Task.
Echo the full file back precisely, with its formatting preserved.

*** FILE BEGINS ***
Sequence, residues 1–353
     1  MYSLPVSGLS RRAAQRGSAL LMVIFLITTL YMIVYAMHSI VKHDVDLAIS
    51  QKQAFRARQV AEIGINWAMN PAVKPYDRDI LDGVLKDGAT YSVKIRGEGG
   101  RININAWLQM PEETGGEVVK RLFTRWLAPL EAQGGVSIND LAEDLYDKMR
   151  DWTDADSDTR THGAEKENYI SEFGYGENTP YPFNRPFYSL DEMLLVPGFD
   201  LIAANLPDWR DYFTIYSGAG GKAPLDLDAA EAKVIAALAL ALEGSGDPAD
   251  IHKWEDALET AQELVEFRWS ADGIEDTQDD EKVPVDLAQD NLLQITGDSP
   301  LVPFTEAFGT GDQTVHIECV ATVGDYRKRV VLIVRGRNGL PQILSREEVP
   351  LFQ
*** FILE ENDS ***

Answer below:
Sequence, residues 1–353
     1  MYSLPVSGLS RRAAQRGSAL LMVIFLITTL YMIVYAMHSI VKHDVDLAIS
    51  QKQAFRARQV AEIGINWAMN PAVKPYDRDI LDGVLKDGAT YSVKIRGEGG
   101  RININAWLQM PEETGGEVVK RLFTRWLAPL EAQGGVSIND LAEDLYDKMR
   151  DWTDADSDTR THGAEKENYI SEFGYGENTP YPFNRPFYSL DEMLLVPGFD
   201  LIAANLPDWR DYFTIYSGAG GKAPLDLDAA EAKVIAALAL ALEGSGDPAD
   251  IHKWEDALET AQELVEFRWS ADGIEDTQDD EKVPVDLAQD NLLQITGDSP
   301  LVPFTEAFGT GDQTVHIECV ATVGDYRKRV VLIVRGRNGL PQILSREEVP
   351  LFQ